Sugar cubes are simply lightly moistened sugar that is packed, usually into a mold, and dried. I’ve made sugar cubes and I’ve bought sugar cubes – they both work!)

To make the drink: Douse the sugar cubes with Bitters and add one piece of orange zest, one piece of lemon zest, one orange slice and one lemon slice and one cocktail cherry. Using a muddler or the handle end of a stout wooden spoon, muddle the fruit, bitters and sugar together to a sloppy syrup dissolving the sugar. The cherry pit will probably pop out and can be removed if you wish. Add the Bourbon and ice and stir to chill. Garnish with the remaining peels and citrus slices and cherries. I serve with a spoon to eat the fruit salad when I’m done drinking the cocktail!

Homemade Cocktail (Brandied) Cherries

I rely on a recipe by Amanda Schuster from that I augment with the addition of a vanilla bean and bay leaves.

Note: I can’t grow cherries in my climate so I look for cherries in season with long stems at the farmers’ market because I leave the stems on, they act as handles and look fetching in a drink, and I leave the stones in! Yes! I do not pit my cocktail cherries. Have you tried olives cured with the stone left in and compared the flavor to a pitted olive? There is a big difference! Well, the same is true with cherries in this case. The cherry pits add a nutty essence to the end product that is outstanding, something that you do not get, even with the addition of almond extract, when using pitted cherries. However, if the stems and pits bother you, then by all means remove them.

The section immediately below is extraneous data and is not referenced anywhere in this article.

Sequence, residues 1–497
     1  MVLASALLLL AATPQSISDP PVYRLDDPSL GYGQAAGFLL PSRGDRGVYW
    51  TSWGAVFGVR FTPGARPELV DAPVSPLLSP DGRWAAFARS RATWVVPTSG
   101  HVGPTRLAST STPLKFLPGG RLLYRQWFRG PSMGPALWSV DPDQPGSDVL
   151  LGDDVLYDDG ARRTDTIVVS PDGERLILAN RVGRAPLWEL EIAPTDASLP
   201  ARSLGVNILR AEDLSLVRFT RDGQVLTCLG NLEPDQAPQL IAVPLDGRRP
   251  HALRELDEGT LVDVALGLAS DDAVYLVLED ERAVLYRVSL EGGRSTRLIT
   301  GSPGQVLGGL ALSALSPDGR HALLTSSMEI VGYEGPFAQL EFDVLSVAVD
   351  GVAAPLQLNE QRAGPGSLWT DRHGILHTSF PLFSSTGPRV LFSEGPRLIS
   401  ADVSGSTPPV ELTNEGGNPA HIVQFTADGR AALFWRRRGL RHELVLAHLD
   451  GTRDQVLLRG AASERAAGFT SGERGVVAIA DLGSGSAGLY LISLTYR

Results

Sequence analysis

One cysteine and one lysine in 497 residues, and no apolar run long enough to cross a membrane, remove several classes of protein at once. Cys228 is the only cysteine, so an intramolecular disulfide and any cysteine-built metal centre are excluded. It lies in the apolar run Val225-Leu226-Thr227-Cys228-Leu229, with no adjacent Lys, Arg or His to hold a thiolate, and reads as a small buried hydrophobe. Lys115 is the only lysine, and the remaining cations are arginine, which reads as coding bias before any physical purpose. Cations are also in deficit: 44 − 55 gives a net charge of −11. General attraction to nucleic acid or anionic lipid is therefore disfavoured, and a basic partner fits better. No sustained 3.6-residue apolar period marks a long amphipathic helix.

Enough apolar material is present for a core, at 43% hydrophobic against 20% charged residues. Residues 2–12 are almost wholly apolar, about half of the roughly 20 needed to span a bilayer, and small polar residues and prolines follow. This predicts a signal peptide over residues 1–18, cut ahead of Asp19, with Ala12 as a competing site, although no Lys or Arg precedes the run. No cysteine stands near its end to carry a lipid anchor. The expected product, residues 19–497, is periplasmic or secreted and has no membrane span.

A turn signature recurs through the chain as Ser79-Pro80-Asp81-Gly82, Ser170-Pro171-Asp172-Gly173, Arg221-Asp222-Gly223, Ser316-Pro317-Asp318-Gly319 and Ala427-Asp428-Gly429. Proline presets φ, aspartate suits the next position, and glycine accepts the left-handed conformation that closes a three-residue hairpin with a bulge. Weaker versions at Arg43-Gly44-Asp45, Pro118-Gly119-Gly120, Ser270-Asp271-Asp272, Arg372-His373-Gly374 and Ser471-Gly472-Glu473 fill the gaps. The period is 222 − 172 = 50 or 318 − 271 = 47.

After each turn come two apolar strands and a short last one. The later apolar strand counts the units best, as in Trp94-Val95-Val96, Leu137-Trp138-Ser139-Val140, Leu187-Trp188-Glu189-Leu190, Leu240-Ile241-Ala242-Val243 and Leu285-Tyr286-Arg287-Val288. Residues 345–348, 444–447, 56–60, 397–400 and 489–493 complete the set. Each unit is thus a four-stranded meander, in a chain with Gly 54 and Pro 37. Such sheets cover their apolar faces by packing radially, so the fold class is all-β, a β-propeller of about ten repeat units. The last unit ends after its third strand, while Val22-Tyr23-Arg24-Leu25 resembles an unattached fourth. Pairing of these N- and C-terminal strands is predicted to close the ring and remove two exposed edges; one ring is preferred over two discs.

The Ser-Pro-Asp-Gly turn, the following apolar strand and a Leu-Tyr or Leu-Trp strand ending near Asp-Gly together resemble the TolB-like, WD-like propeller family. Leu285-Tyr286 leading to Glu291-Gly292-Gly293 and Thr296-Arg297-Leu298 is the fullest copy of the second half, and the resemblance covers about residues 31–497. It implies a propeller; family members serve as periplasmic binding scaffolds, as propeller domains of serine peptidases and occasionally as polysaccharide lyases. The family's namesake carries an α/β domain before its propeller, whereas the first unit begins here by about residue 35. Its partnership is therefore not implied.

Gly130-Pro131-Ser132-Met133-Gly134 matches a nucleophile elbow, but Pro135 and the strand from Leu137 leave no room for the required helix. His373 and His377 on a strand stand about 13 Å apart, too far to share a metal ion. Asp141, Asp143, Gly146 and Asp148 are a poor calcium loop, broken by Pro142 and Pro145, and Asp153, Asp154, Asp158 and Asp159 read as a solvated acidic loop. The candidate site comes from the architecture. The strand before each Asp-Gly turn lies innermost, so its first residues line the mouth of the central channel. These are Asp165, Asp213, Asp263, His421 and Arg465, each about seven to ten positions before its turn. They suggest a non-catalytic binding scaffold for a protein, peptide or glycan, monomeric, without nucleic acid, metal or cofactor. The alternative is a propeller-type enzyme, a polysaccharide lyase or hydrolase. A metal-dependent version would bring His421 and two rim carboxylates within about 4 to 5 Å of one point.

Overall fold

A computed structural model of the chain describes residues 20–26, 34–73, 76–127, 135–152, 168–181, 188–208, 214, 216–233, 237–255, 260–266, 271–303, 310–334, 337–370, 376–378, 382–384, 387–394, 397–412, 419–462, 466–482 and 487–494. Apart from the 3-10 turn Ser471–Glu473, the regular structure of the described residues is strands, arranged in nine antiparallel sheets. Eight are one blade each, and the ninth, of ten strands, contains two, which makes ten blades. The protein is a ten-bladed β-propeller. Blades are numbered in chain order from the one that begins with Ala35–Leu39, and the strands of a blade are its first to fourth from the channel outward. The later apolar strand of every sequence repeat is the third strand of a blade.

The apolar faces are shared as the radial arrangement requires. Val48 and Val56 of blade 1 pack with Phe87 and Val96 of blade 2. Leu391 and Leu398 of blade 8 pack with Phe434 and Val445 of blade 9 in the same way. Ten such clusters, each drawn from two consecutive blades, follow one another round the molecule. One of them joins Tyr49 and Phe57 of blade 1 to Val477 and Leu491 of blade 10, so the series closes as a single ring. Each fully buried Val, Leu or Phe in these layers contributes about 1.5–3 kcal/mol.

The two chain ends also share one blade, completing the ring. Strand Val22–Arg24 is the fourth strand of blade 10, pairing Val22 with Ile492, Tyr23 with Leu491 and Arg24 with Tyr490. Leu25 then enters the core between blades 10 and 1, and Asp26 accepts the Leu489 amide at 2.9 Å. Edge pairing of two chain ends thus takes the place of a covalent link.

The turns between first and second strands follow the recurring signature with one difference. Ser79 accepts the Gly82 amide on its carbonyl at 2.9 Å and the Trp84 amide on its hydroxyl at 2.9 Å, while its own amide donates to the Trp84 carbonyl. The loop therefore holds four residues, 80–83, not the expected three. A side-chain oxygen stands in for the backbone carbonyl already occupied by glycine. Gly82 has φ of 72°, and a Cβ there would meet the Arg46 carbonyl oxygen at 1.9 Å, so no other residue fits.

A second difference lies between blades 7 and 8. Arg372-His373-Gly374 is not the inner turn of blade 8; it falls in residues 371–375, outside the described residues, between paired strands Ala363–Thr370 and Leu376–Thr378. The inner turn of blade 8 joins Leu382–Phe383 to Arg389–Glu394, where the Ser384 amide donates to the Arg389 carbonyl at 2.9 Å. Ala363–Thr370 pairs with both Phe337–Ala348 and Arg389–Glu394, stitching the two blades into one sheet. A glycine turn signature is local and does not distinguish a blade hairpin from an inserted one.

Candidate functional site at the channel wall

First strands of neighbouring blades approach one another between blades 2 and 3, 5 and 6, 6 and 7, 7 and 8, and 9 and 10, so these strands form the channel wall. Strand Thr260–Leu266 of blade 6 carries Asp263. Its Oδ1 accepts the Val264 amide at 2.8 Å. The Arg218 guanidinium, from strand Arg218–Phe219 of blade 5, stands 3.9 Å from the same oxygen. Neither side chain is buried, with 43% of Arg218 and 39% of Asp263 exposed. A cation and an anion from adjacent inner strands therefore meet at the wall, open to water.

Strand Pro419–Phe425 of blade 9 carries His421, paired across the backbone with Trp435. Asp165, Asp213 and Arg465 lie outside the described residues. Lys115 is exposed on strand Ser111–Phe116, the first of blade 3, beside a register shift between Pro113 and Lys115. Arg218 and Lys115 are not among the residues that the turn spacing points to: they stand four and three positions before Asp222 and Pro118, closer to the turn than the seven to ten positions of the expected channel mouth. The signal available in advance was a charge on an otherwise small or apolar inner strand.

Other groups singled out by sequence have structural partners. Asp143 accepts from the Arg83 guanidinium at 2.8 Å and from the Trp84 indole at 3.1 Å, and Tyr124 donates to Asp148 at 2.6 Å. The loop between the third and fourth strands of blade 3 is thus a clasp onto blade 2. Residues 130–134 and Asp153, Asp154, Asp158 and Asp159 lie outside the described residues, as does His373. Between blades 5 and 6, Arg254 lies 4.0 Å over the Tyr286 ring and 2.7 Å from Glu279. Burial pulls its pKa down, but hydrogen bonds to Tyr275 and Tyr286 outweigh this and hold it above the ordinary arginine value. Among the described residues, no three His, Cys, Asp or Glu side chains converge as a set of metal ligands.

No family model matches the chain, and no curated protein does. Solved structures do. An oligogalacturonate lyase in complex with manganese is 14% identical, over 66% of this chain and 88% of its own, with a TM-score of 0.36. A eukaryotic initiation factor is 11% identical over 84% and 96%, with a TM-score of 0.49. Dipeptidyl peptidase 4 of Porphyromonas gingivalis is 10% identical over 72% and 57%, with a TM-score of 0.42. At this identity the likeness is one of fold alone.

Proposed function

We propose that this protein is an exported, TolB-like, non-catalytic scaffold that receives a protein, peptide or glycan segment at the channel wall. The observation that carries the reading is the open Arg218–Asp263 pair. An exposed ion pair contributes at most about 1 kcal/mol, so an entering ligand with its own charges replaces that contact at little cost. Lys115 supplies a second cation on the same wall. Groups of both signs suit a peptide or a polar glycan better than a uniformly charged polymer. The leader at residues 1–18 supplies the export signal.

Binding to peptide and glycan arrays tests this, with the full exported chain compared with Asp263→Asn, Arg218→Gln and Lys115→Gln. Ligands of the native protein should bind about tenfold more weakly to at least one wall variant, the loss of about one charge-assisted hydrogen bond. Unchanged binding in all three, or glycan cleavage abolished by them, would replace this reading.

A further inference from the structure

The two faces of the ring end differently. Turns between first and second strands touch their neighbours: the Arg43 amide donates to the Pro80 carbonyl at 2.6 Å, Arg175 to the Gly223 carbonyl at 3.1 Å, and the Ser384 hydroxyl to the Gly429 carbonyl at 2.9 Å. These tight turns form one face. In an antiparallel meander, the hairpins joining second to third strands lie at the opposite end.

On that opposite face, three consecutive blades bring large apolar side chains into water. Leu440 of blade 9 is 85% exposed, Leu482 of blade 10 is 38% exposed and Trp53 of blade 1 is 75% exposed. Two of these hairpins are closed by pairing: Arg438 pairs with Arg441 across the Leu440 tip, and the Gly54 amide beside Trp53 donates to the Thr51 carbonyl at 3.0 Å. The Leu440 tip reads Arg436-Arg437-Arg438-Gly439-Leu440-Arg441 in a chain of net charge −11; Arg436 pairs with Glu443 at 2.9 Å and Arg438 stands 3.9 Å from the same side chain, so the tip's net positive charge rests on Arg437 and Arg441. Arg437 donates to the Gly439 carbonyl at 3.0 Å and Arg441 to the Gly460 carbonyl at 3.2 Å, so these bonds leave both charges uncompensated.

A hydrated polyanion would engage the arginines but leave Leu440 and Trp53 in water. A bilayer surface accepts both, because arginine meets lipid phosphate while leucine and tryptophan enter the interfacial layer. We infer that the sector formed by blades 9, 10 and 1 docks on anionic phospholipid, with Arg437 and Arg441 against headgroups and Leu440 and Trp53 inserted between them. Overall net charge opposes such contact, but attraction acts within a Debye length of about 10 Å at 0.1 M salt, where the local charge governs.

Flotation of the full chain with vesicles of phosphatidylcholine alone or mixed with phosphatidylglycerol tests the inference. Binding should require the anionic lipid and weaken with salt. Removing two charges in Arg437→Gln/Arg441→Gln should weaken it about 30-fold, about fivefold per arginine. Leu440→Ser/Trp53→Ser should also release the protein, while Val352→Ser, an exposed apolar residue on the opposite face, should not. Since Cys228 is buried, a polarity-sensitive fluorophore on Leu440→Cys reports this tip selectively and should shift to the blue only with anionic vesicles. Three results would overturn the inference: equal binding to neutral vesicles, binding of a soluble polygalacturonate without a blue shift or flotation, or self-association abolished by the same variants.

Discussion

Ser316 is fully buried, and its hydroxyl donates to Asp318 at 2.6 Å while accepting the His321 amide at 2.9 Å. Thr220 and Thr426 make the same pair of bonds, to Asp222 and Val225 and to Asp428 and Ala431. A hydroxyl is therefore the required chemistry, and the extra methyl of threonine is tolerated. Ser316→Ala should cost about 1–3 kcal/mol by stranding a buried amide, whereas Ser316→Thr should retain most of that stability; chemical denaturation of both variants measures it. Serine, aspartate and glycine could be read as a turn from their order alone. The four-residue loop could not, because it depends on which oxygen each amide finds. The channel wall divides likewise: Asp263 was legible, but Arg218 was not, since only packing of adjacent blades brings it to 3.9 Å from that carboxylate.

1 pound of fresh cherries, any kind. (Each variety of cherry will make a different end product but they are all good so use what you grow or can get)

1 cup of good quality Brandy

½ cup filtered water

½ cup sugar, I use organic

1 stick cinnamon

Grated fresh nutmeg

1 or 2 fresh or dried bay leaves

1 vanilla bean plus 1 teaspoon vanilla extract

Heat the sugar, water, cinnamon, nutmeg, bay and vanilla bean on low heat for several minutes until sugar is dissolved and becomes a bit syrupy. Remove from heat. Add the cherries and coat well with the syrup. Add the booze and vanilla extract and stir to coat. Let cool. Carefully transfer the cherries, then the boozy syrup to a glass jar, turn it over a couple of times for good measure, then store in refrigerator. Ideally, let them steep at least overnight before use. These will last several months to a year. Use the cherry brandy liqueur in drinks, as well as, the cherries. These cherries make great gifts!


  • Marcus

    Well the recipe is prepared as an old-fashioned standards as your suggested name and as the cocktail purists call it. Your method of illustration and the addition of home-grown ingredients are good!

    • EdgehillHerbFarm

      If it’s not bottled in plastic, has a cork, from France, reasonably priced, etc it will be fine. You just don’t want a really great expensive brandy! Save those for sipping by the fire… If you would drink or serve it you can cook and mix drinks with it!